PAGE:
Letter Writing

During the mid-19th century, writing letters was the primary form of communication, both far and near. People sent news, greetings, invitations, and more through the mail. Letters were carried around the world by trains, boats, and horses – or just across town by a servant or local mail carrier. When sent long distances, they could take weeks, even months, to reach their destination.

Until well into the second half of the 19th century, the U.S. Postal Service did not deliver mail directly to homes. Instead, a servant or household member was sent to the local post office once or twice a day to collect the letters. Many New Yorkers hired either officially sanctioned postal “carriers” or independent “local post” companies to bring mail straight to their doors.

In 1853, the Tredwells’ younger son, 26-year-old Samuel Lenox Tredwell, was a merchant with a crockery business at 195 Pearl Street, near the seaport. The Museum has in its collection a number of documents related to Samuel’s business ventures, including the letter below, addressed to the Commissioner of Jurors.

New York at the time was the most populous city in the United States; still, most of the residents still lived downtown, close to the seaport. Samuel, his wife, Louisa, and their young daughter, Lizzie, lived on East 25th Street. Today, it is difficult to imagine hand-delivering a postponement for jury duty.

“New York Febry 5/53
Commissioner of Jurors
NY City Hall Park

I have not been able to walk from Broadway to the Hall since receiving the enclosed notice, and herewith have you my excuse.

As soon as I am better I will call at your office and make oath of the facts.

S. L. Tredwell

Mr. S. Lenox Tredwell is afflicted with a chronic disease for which he is under treatment by me and confinement on a jury might be prejudicial to his health.

Signed S. R. King, MD

N York Feby 4 / 1853
Supreme Court, Monday 7th Feby 1853
10 o’clock”

Letter, Samuel Lenox Tredwell to Commissioner of Jurors, 1853
MHM 2002.4605.10

Women were primarily responsible for maintaining the family’s personal correspondence. They regularly exchanged letters with family members and friends, writing several letters a day. Many women owned a desk or writing box especially for this purpose.

In the letter below, from 1868, Samuel Tredwell’s first wife, Louisa, writes to her mother. Louisa, Samuel, and their daughter, Lizzie, lived in Fairfield, Connecticut, at the time.

Letter, Louisa Thorp Tredwell to her mother, Julia Thorp, 1868
MHM 2002.4601.21a

“Fairfield, Conn.
Tuesday morning

My Dear Mother,

Your kind invitation to spend Thanksgiving with you was received yesterday – I regret exceedingly I cannot accept. Our family intend being all together and as Julia is visiting at home I would like to be with them all.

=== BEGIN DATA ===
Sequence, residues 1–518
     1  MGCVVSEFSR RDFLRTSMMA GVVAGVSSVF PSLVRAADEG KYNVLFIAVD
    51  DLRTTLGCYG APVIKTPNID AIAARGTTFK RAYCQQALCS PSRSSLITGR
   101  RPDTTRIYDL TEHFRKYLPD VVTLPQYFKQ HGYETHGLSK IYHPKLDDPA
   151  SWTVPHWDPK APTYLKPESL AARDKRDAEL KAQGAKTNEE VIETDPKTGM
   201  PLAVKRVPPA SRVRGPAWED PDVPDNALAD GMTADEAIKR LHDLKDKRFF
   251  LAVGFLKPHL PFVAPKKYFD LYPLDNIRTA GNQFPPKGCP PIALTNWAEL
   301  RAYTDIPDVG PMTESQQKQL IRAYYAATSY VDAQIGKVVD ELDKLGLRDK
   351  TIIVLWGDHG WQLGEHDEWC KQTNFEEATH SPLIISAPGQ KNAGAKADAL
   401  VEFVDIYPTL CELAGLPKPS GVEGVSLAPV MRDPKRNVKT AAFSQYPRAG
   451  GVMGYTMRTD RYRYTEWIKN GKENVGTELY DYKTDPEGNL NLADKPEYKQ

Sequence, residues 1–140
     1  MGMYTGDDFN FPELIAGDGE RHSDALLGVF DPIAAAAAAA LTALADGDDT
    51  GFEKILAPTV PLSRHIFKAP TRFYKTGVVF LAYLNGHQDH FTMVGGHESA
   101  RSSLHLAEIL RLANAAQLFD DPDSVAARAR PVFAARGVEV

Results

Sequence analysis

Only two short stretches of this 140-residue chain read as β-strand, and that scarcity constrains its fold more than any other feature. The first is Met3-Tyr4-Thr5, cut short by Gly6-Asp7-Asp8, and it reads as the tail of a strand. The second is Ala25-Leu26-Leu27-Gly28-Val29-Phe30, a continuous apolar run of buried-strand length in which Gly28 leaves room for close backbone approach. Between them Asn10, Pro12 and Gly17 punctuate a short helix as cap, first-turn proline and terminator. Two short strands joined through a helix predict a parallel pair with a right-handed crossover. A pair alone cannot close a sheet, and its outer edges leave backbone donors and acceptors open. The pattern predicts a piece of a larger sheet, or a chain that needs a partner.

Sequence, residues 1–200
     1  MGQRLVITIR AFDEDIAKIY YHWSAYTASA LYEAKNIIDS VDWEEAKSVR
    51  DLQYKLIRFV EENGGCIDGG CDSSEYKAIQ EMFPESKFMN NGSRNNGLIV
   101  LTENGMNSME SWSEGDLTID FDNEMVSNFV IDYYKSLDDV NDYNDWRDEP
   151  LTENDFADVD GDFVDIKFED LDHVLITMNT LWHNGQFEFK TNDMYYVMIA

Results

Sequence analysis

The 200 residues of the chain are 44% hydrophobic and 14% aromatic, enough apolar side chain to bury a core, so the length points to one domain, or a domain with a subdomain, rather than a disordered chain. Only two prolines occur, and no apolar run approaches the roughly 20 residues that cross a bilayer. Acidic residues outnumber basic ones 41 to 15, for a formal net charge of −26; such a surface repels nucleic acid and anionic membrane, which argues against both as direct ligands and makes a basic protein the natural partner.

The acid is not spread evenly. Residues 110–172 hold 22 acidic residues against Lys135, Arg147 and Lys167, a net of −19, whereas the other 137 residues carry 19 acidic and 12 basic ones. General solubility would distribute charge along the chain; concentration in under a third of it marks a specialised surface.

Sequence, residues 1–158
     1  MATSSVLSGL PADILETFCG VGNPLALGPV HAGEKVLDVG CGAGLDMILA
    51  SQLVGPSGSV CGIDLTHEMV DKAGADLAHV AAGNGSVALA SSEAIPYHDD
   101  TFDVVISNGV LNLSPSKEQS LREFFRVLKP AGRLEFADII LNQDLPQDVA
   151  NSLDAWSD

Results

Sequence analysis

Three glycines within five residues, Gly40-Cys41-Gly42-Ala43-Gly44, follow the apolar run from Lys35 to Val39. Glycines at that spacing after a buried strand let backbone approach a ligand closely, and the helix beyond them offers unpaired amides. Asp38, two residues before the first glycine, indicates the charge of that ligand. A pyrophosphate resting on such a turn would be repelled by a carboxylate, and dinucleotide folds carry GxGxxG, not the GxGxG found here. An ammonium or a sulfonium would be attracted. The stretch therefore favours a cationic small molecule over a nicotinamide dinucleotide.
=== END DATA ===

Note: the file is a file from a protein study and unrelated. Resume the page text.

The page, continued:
I have been very busy getting Lizzie ready for school – where she will go next Monday. She has wanted to come to New York but had too much to attend to.

Julia has her little boy Johnny with her – the daughters are at home with their father. Julia expects to make us a good long visit – And I think they will all board in the city for a few weeks after the holidays.

Pa is feeling very miserable this morning – he slept very little last night. You know his breathing troubles him very much, and the palpitations of his heart.

We are going to have another beautiful day – the sun is shining and it is looking out of doors as if I would enjoy a drive. Lizzie is going with Emma Holt in the light wagon. They are very independent going by themselves.

Your affectionate daughter,
Louisa Tredwell

Tuesday morning
November 24th 1868”

Signets were used to seal letters with wax. A hand-folded letter sealed with wax could eliminate the need for an envelope. It also assured that the letter was not read by any but the intended if the seal was not broken. The signet below bears the initials EAST, for Elizabeth Alden Seabury Tredwell (1885-1973), the younger daughter of Samuel Lenox Tredwell.

Signet, 1900-1912
Wood, metal
MHM 2002.3345

Mechanical Pencil, 1840
Gold, glass
MHM 2002.3222

Pen, 19th century
Brass, silver
MHM 2002.3338

Inkstand, 1860-1890
Brass, glass
MHM 2002.3205

Glasses, 19th century
Glass, brass
MHM 2002.3230

Letter opener, c. 1880
Mother-of-pearl, metal
MHM 2002.3227


..Our Stuff, Ourselves: An Intimate Look at the Tredwells’ Private Lives..




Letter Writing..


..Personal Hygiene..

..Dressmaking & Sewing..

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